Cat Scratch Disease (CSD), or cat scratch fever, is an acute infection caused by a bacteria, Bartonella henselae, that is transmitted from cats to humans as the result of a scratch or bite, or from the contact of cat saliva on broken skin or the eye.
CSD affects a higher percentage of children than adults due to higher exposure.
The infected animal usually shows no signs of carrying the bacteria.
Within a few days of a scratch or bite, one-third of patients with cat scratch disease will develop a bump or ulcer at the site. About one to three weeks later, fever, headache, fatigue and general malaise often occur. The local lymph nodes may become enlarged and tender, and may remain enlarged for months. Weight loss, sore throat and draining lymph nodes are symptoms which occur less commonly.
A rare complication of cat scratch disease is encephalitis. Encephalitis is a serious and sometimes life-threatening inflammation of the tissues of the brain and spinal cord.
Call the doctor or seek treatment immediately if the person has any of these symptoms:
Diagnosis is usually based on the following:
CSD is usually self-limited and requires no specific treatment.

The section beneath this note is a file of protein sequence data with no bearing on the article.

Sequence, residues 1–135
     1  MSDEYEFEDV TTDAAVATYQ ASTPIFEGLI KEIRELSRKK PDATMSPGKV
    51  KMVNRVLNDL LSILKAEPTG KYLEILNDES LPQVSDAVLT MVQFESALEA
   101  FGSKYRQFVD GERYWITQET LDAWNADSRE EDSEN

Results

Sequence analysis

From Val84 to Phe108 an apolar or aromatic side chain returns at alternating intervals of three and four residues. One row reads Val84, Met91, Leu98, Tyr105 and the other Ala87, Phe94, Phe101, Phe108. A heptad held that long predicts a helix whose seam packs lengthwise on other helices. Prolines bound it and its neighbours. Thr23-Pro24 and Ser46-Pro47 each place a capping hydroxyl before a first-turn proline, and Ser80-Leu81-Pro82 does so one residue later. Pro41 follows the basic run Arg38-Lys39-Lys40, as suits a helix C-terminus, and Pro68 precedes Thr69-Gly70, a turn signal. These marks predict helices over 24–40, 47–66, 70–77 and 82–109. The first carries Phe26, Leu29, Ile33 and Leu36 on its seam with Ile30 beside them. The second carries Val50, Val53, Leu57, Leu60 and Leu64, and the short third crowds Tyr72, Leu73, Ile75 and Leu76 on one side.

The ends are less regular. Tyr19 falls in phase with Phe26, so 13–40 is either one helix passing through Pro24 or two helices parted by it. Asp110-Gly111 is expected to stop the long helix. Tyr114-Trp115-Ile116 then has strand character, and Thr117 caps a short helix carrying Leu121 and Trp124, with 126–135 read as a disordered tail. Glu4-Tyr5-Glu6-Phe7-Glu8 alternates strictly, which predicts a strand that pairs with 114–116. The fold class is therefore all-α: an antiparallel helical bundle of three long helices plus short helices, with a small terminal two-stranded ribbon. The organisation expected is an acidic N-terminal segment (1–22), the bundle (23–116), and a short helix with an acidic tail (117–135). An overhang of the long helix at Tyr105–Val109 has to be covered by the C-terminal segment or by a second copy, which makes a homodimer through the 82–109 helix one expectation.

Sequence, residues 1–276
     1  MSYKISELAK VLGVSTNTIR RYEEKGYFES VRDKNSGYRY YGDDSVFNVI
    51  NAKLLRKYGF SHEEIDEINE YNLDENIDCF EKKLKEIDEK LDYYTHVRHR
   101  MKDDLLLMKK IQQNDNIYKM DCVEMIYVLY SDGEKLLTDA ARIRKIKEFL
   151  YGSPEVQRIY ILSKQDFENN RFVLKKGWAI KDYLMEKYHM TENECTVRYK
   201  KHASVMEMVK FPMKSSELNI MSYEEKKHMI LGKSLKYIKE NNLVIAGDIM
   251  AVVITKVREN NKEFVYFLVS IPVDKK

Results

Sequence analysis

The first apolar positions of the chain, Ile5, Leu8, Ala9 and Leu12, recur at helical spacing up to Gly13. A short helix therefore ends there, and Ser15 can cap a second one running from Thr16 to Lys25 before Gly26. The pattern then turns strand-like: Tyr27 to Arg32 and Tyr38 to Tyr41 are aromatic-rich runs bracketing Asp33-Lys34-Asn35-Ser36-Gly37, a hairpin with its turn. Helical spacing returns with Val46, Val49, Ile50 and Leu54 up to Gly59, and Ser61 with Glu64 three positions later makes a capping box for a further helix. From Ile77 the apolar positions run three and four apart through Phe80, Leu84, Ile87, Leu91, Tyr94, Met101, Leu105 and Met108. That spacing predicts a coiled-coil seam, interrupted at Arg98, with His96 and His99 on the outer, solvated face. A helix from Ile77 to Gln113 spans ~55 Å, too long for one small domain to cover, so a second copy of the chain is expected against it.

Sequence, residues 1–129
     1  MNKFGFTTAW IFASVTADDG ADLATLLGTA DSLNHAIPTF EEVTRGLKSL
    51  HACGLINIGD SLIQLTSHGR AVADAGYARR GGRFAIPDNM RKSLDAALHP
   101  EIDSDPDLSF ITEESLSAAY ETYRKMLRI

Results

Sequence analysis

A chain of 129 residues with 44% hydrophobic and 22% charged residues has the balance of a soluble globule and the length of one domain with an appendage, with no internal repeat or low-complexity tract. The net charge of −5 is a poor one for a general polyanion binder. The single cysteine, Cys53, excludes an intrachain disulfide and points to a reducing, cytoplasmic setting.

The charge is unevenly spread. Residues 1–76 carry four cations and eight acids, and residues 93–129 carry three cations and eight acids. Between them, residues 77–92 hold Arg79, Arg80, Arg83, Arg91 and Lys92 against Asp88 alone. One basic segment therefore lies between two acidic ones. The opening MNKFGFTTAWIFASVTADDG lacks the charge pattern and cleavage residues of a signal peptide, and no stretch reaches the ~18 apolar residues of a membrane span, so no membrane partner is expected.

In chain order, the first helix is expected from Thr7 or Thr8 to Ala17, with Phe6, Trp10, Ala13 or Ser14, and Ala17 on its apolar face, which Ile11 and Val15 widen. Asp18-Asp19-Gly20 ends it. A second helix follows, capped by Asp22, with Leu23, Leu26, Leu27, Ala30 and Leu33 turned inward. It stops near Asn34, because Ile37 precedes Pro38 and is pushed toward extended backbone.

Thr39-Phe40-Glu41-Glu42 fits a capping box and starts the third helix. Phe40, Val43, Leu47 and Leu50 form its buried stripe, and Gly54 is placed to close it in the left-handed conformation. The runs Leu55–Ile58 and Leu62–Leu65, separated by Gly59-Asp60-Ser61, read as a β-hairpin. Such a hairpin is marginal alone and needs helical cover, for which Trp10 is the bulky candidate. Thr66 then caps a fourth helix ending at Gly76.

Home treatment may include applying a heating pad or hot water bottle to the swollen glands, giving acetaminophen for pain, body aches or fever over 101F, and avoiding injury to the swollen glands.
In patients with severe local pain or systemic symptoms, antibiotics may be necessary.
What are the symptoms to look out for?
Do you recommend treatment?
Can cat scratch disease recur?
These are some preventive measures that can be taken to avoid cat scratch disease in family members:
- Avoid contact with stray kittens and cats
- Avoid rough play where the animal may want to bite or scratch you as a response
- Regularly de-flea cats
- If scratched, wash the scratch and the surrounding area with soap and water immediately
- If a kitten/cat is an indoor pet, consider getting them de-clawed
- Wash your hands after playing with a cat